Q. Side-by-side arguments concerning interpretation of Psalm 83 are currently listed in Rapture Ready. Both sides make believable points to the untrained novice’s eschatological eye. After reading both viewpoints, I still believe that Psalm 83 describes a war separate from Ezekiel 38. However, if someone asked me to justify this position, I don’t believe that I could make a precise, concise, cogent argument because of all the nuances in prophetic interpretations involved in these two articles.
If you will, at some point would you kindly write a “precise-concise” rebuttal to the “Psalm 83 is a non-war” stance? There has to be at least one linchpin errancy in interpretation that will cause a domino effect in demonstrating the falsehood of this argument. Thank you, Jack, for all that you do for your readers. No other eschatology site even comes close.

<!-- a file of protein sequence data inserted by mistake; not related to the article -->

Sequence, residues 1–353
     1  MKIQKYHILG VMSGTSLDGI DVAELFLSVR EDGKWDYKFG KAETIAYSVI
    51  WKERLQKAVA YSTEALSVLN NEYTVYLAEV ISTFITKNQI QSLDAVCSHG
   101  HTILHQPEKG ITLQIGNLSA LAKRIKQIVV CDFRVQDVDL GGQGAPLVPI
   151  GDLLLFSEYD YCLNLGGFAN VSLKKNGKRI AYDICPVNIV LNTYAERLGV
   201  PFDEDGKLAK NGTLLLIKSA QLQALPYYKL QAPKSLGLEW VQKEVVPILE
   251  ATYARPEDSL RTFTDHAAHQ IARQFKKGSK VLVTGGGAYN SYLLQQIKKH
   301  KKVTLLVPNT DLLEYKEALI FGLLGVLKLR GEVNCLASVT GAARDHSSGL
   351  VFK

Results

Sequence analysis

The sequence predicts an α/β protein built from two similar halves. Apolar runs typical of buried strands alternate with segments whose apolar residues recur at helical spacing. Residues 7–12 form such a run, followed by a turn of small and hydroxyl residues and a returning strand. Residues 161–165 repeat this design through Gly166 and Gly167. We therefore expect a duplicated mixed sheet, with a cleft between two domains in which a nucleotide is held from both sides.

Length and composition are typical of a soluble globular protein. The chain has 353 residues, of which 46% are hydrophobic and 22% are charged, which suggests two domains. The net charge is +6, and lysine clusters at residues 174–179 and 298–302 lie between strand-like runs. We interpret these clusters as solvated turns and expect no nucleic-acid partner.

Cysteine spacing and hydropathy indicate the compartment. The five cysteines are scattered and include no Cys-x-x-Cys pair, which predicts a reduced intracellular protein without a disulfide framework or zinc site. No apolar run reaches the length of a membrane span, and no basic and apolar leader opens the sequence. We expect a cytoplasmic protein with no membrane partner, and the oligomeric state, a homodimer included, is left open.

A. I’ve read both articles and remain persuaded that Psalm 83 and Ezekiel 38 are two different events. The most obvious difference can be found by comparing the two lists of combatants lining up against Israel. They’re completely different. To me the only way to explain the absence of Israel’s next door neighbors from the battle of Ezekiel 38 is that they’ve already been neutralized, which means Psalm 83 has to happen first. I also don’t buy the argument that life in Israel today meets the definition of “peaceful and unsuspecting” as Ezekiel 38:11 requires, nor do I believe that sufficient motivation exists yet for Russia to justify being drawn into the fray. Finally, all the current indicators favor Israel launching a preventive strike against its enemies, not being caught by a surprise attack as Ezekiel described. But if Iran’s nuclear program was dealt even a temporary setback, and Hamas, Hizbollah, the PLO, and Syria were no longer threats, I could see Israel being lulled into a false sense of security.